COLLEGE PARK, Md. – Students in a University of Maryland undergraduate astronomy class have made a rare discovery that wowed professional astronomers: a previously unstudied asteroid is actually a pair of asteroids that orbit and regularly eclipse one another.
Fewer than 100 asteroids of this type have been identified in the main asteroid belt between Mars and Jupiter, said Melissa Hayes-Gehrke, who teaches the hands-on class for non-astronomy majors in which eight students made the find in the fall semester 2013.
The students' discovery that 3905 Doppler is an eclipsing binary asteroid will be presented in a poster session Jan. 7 at the meeting of the American Astronomical Society in National Harbor, Md., and published in April in the Minor Planet Bulletin.
"This is a fantastic discovery," said UMD Astronomy Professor Drake Deming, who was not involved with the class. "A binary asteroid with such an unusual lightcurve is pretty rare. It provides an unprecedented opportunity to learn about the physical properties and orbital evolution of these objects."
"Actually contributing to the scientific community and seeing established scientists getting legitimately excited about our findings is a very good feeling," said Terence Basile, a junior from Beltsville, Md., majoring in cell biology.
One of hundreds of thousands of pieces of cosmic debris in our solar system's main asteroid belt between Mars and Jupiter, 3905 Doppler was discovered in 1984, but over the coming decades it attracted scant attention. In September 2013, Hayes-Gehrke's students picked it and two other asteroids from an astronomy journal's list of asteroids worth observing because they were well positioned in the autumn sky and were scientific enigmas.
Student teams studying 3905 Doppler met over four nights in October 2013. Each four-person team observed and photographed the asteroid, using a privately owned telescope in Nerpio, Spain, which they accessed and controlled over the Internet. Their main task was to photograph changes in the intensity of each asteroid's reflected light and turn those images into a lightcurve.
A lightcurve is a graph of a celestial object's brightness over time. Variations in brightness are often due to the object's shape, with spherical objects like planets yielding lightcurves that do not vary, and asymmetrical objects like asteroids producing peaks and valleys as the amount of reflected light varies. By measuring the time between maximum light intensities, planetologists can tell how fast an asteroid is rotating. Most asteroids complete a rotation in a few hours to a day.
"When we looked at the images we didn't realize we had anything special, because the brightness difference is not something you can see with your eyes," Hayes-Gehrke said. But when the two teams studying 3905 Doppler used a computer program to chart its lightcurve, they found the asteroid's light occasionally faded to nearly nothing.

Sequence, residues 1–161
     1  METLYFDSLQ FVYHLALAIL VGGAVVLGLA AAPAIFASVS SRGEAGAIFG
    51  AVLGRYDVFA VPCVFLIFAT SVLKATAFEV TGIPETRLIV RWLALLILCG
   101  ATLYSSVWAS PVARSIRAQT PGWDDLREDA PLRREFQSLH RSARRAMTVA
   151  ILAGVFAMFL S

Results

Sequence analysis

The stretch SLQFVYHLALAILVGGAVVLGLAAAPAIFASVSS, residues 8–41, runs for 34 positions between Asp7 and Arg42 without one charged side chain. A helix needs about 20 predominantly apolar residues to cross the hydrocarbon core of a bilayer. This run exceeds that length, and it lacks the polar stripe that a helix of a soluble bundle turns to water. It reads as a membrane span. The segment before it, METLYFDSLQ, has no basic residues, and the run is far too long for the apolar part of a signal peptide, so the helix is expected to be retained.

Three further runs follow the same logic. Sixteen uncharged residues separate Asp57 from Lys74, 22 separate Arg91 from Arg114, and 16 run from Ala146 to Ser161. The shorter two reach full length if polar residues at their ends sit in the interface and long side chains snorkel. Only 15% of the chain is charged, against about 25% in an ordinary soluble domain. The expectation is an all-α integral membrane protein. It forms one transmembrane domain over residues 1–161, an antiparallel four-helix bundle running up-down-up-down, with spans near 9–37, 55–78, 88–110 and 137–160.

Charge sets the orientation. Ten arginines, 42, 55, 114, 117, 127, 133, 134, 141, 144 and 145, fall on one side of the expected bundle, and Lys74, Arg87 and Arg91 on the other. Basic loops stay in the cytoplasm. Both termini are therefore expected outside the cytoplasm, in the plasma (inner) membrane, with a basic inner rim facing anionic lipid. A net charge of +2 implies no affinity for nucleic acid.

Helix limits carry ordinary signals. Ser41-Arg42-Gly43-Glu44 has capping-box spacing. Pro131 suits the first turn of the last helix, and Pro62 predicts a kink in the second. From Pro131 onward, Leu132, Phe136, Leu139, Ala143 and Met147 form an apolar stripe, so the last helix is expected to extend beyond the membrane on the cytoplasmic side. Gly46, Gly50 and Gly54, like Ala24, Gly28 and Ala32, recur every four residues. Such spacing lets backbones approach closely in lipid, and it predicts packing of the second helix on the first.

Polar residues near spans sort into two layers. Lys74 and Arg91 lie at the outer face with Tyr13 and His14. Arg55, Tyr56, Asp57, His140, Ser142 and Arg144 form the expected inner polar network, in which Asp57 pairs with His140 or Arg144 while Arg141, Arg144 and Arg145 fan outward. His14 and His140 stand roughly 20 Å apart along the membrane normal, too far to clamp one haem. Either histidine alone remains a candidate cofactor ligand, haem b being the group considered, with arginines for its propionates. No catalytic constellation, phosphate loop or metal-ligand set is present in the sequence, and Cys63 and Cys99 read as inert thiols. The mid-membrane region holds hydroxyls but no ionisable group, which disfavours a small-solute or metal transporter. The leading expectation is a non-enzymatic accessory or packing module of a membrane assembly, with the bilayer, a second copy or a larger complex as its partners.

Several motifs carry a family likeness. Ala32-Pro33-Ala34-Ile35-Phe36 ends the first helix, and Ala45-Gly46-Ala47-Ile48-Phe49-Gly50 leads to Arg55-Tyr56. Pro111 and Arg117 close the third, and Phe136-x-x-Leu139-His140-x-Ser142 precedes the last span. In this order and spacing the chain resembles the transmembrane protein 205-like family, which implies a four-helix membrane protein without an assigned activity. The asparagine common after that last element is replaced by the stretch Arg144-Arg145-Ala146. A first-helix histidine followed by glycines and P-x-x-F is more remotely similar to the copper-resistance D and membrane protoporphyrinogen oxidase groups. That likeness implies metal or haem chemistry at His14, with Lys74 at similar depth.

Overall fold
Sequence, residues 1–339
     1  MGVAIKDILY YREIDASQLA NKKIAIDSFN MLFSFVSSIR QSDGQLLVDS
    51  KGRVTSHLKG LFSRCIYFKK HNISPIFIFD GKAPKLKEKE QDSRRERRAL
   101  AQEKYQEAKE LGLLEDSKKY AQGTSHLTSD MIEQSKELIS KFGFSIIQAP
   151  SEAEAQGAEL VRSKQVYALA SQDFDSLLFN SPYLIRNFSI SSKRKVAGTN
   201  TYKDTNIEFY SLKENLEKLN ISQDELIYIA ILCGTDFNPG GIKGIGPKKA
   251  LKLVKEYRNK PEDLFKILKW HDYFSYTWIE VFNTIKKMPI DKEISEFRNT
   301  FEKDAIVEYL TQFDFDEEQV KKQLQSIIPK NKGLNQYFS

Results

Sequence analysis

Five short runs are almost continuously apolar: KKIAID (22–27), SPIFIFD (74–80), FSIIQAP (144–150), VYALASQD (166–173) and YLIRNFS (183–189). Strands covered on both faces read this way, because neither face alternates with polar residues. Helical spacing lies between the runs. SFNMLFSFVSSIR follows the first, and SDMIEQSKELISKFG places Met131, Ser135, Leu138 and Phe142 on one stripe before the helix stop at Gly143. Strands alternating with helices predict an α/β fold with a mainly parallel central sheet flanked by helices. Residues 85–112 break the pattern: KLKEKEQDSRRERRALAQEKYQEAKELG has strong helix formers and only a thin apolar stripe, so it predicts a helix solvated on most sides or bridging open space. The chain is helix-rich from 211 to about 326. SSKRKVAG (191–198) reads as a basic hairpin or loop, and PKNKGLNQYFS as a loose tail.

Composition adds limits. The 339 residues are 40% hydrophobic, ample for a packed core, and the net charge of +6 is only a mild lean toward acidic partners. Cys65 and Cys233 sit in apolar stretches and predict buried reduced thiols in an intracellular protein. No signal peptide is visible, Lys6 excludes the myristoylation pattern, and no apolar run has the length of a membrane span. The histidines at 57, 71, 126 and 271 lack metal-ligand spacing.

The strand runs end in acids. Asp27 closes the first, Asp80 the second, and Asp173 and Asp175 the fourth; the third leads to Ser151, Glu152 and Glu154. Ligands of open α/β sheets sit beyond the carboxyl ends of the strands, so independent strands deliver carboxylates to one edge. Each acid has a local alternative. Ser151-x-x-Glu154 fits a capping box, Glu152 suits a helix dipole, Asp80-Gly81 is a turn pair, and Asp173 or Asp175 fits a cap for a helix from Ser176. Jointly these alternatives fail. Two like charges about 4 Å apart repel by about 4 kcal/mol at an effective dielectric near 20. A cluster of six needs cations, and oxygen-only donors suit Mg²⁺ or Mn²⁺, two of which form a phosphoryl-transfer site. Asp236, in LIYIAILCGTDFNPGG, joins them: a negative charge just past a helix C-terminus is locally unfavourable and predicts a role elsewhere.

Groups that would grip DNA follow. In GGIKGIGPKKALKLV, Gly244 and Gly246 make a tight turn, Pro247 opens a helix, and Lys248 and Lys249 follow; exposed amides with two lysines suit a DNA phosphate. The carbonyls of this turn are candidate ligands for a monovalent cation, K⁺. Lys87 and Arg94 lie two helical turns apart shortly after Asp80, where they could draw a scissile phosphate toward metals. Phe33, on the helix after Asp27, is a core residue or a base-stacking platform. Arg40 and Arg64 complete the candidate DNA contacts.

"It was incredibly frustrating," said Alec Bartek, a senior physics major from Brookeville, Md. "For some reason our light curve didn't look right."
It was as though the rotating rock had suddenly gone dark – and Hayes-Gehrke suspected that's exactly what was happening. She thought 3905 Doppler was actually two asteroids orbiting one another. When one of the two asteroids blocked the telescope's view of its companion, the result was an asteroid eclipse – and a sharp dip in the light curve.
An amateur astronomer in Italy who was viewing 3905 Doppler at about the same time shared his data with the students. Observations by the Italian, Lorenzo Franco, confirmed the lightcurve came from a binary asteroid.
"Even then I was not fully aware of how special the discovery was," said sophomore economics major Brady Bent of Arbutus, Md. "I thought it just meant we would have to do more work. As we continued to analyze our data, other professors in the Astronomy Department came over to view our work. At this point I understood just how rare our find was."
The two asteroids are probably roughly potato-shaped and pocked with impact craters made by strikes from other space debris, Hayes-Gehrke said. The smaller one is about three-quarters the length of the larger one. They orbit each other end to end. Each orbit takes 51 hours – an unusually long time and one the student researchers can't explain. Now that the students have shown how unusual the asteroid is, it's likely that other astronomers will study it.
"Picking the asteroid was luck," Hayes-Gehrke said. So was the fact that the students' camera happened to record an eclipse. But then the students used the same problem-solving techniques a professional astronomer would use to explain an unexpected finding.
"That's the whole point of the class," Hayes-Gehrke said. "I'm hoping they'll keep in mind, when they read about scientific results, that it's not a cut-and-dried process, but the scientist probably had to go through some kind of struggle to get results."
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